The community is invited to attend the 15th annual Cherry Hill Volvo Cars Jewish Film Festival of the Katz JCC. The weeklong film festival takes place Sunday, March 22 through Sunday, March 29 and will feature 22 award winning films along with several guest speakers including writers, directors, producers and editors. All weekday matinee films will be screened at the Katz JCC in Cherry Hill and evening and Sunday films will be held at AMC Voorhees 16 in Voorhees.
Even before Festival Week begins, join us for dinner and a movie on Thursday, March 12 for a screening of “Latter Day Jew” that tells the story of a gay, former-Mormon, cancer survivor who converts to Judaism at the age of 34 as he prepares for his bar mitzvah. Separate ticket must be purchased in advance. This will be held at Woodcrest Country Club. On March 19, “Names Not Numbers,” a social justice project completed by Kellman Brown Academy and The Lanning Square Middle School at Kipp Cooper Norcross Academy in Camden will be presented to the community at the Katz JCC.
Kicking off the festival on Sunday, March 22 at 2:30 p.m. is the narrative feature film “Douze Points,” which focuses on TJ, a proud, gay Muslim singer who is fulfilling his dream to represent France in Europe’s biggest song contest. ISIS decides to plant one of their operatives, acting as TJ’s boyfriend, into the French delegation in order to set off an explosion under the stage during the final performance of the event. “Douze Points” will be accompanied by the Israeli short, “Two of Every Kind.” Inside Noah’s Ark were two of every living thing but not many know that amongst the couples, were also two male peacocks. The crisis between G-d and man was nothing compared to the peacocks’ troubles boarding the ark.
Opening night of the Festival, Sunday March 22 and 7:30 p.m. will screen the Israeli documentary “Picture of His Life,” which follows world renowned wildlife photographer Amos Nachoum has one final photographic dream — to photograph a polar bear underwater while swimming alongside it.
Comedic genius Billy Crystal stars in the comedic drama “Standing Up, Falling Down,” which will screen at the JCC on Monday, March 23 at 1 p.m. Ben Schwartz portrays a struggling standup comedian who’s forced to move back home to eastern Long Island with his tail between his legs. He develops an unlikely friendship with a tragically flawed, charming and charismatic alcoholic dermatologist (Crystal).
Tuesday, March 24 at noon marks the festival’s special screening with lunch and will screen “Chewdaism: A Taste of Montreal” as well as the documentary short, “Gefilte.” “Chewdaism” is a funny, heimish and enlightening historical and cultural tour of Jewish metro-Montreal centered around its legendary foods, including its world-class bagels and iconic smoked meats. This screening requires a separate ticket that must be purchased in advance.
Be sure to not miss “The Peanut Butter Falcon” starring Shia LeBeouf, who plays Tyler, a small-time outlaw on the run. He meets Zak, a young man with Down Syndrome, who runs away from the nursing home where he lives to chase his dream of becoming a professional wrestler, and the two develop an unlikely friendship along their journey. “The Peanut Butter Falcon” will be screened on Wednesday, March 25 at 7 p.m. at AMC Voorhees 16.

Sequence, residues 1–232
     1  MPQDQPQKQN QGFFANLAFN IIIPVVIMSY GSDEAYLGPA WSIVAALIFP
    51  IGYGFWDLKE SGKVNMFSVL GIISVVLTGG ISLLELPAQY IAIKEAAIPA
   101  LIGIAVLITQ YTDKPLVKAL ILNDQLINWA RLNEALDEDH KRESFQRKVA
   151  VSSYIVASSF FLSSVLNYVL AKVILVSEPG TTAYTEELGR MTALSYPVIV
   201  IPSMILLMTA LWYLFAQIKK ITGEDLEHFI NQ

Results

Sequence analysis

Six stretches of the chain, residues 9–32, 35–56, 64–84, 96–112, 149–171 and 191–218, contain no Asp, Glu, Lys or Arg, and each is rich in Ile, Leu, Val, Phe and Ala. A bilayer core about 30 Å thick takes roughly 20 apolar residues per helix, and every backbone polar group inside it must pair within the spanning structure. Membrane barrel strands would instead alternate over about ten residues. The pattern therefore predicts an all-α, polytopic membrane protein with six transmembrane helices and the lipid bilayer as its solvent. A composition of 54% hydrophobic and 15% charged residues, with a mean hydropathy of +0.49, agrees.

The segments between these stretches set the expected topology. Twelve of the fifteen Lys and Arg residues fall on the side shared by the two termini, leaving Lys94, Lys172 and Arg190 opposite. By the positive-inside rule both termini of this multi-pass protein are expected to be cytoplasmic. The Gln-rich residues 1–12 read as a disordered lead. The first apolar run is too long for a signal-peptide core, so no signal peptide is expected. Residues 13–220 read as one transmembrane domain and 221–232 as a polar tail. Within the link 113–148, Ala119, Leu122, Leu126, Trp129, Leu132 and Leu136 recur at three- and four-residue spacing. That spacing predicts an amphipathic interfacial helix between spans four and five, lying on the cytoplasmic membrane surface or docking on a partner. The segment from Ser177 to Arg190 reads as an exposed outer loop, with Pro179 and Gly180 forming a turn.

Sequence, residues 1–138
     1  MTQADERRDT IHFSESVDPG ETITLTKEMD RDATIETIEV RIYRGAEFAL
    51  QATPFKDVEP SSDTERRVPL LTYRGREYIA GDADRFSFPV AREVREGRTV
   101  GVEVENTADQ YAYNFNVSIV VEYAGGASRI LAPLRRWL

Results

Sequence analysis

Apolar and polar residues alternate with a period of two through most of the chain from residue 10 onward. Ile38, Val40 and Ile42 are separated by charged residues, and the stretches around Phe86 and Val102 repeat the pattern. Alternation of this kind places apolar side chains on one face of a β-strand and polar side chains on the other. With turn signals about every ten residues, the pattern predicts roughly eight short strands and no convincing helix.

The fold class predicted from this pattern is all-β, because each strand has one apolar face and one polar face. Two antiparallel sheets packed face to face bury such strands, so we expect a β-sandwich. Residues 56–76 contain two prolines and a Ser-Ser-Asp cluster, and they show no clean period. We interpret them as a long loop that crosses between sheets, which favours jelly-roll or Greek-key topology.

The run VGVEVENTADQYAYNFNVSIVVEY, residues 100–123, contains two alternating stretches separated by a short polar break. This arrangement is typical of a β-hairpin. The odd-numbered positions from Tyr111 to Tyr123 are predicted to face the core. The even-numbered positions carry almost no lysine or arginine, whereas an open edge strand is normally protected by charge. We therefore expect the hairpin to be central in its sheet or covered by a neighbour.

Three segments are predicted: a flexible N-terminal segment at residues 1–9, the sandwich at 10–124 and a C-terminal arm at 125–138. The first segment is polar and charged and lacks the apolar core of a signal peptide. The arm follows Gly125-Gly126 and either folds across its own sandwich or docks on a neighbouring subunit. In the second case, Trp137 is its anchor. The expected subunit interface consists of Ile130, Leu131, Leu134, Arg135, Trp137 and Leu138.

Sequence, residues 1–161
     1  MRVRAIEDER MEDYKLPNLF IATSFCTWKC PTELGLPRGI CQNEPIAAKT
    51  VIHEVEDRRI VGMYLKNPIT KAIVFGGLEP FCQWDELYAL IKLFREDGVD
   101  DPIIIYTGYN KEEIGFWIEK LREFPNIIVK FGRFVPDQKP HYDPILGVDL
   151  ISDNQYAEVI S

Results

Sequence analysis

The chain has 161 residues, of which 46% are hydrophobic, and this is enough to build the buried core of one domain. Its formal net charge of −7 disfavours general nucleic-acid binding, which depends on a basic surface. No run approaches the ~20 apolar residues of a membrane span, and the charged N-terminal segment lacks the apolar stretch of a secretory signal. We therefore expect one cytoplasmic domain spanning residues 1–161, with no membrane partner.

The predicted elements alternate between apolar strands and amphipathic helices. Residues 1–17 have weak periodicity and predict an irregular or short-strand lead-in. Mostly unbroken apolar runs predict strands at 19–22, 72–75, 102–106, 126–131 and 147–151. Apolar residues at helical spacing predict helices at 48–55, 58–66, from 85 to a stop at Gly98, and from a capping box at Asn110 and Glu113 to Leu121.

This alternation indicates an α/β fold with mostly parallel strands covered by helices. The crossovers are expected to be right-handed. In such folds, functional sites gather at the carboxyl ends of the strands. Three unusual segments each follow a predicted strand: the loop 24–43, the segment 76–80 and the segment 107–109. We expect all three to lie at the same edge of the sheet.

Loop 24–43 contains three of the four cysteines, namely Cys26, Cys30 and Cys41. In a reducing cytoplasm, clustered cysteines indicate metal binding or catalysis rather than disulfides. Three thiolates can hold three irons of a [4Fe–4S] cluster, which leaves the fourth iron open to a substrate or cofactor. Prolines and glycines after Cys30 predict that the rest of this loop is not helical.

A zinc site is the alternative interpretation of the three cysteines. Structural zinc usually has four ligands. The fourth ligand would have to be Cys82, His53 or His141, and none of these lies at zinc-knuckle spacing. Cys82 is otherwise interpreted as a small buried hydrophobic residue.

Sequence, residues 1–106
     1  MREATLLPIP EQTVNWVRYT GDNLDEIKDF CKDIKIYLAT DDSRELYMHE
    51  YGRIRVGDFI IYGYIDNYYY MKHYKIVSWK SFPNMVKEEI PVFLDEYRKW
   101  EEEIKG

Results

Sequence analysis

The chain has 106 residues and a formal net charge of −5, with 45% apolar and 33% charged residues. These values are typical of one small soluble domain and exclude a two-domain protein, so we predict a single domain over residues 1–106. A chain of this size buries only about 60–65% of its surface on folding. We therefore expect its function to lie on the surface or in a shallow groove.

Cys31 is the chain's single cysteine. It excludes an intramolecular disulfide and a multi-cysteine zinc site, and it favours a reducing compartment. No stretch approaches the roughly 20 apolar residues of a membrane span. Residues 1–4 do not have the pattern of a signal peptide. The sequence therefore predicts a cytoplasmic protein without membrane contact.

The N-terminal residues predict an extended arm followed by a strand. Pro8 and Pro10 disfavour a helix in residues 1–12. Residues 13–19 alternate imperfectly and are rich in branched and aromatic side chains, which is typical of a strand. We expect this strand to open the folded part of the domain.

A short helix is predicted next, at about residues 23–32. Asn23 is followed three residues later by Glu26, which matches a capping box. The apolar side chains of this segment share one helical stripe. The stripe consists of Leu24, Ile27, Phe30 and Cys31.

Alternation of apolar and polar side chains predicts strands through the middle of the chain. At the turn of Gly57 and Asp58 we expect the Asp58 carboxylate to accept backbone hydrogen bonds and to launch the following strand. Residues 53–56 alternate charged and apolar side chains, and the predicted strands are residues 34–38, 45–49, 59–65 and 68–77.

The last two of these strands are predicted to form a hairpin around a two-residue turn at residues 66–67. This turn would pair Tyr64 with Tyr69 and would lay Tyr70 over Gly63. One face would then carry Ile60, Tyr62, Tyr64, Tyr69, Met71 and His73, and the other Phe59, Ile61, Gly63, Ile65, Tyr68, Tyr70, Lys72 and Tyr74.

Thursday, March 26 at 7 p.m. will feature the incredible award-winning film based on a play, “Golda’s Balcony, The Film.” The rise of Golda Meir from Russian schoolgirl to Prime Minister of Israel is one of the most thrilling and amazing stories of the 20th Century and in “Golda’s Balcony, The Film,” her life has been transformed into a cinematic event of overwhelming power and inspirational triumph. Tovah Feldshuh recreates 100 years of Jewish history playing 45 different characters, including Ben-Gurion, Moshe Dayan, and, of course, Golda Meir herself. This film is a winner of an “Audience Favorite Award” at all of its 21 competitive festivals to date.
Sunday, March 29 at 7:30 p.m. will be closing night of the festival. It will feature the documentary “Fiddler: Miracle of Miracles.” This film tells the story behind one of Broadway’s beloved musicals, “Fiddler on The Roof,” and its creative roots in earlyts creative roots in early 1960s New York, when “tradition” was on the wane as gender roles, sexuality, race relations and religion were evolving. Intimate interviews with the show’s creators reveal how the tremendous success and worldwide impact of Fiddler and its subsequent film adaptation is most appropriately viewed through the lens of the social upheaval and change in mid-20th century America. The film will be screened with the animated short, “The Fiddle — Der Fidl.” Based on Sholem Aleichem’s short story “The Fiddle,” this is the story of Sholom, the boy that was destined to become the “fiddler on the roof”.
These are just a few of the highly acclaimed films that will make you laugh, cry and bring you back wanting for more. Patron and series ticket holder receive perks such as exclusive receptions, reserved seating and a reduced luncheon ticket. Tickets for individual screenings can be purchased starting at $10. Group discounts, available for groups of 10 or more, must be purchased in person or by phone by Wednesday, March 18.
The festival is made possible in part thanks to generous sponsors: Cherry Hill Volvo Cars, AMC Independent, Fox Rothschild LLP, Leon L. Levy & Associates, The Faktorow Family Endowment Fund for the JCF, Inc, Powerback Rehabilitation, Spivak Jewelers, UBS and Wells Fargo.
For more information and to purchase tickets, please visit katzjcc.org/film or call Suzanne Post at (856)424–4444 x1226 or Michele Susson at x1119.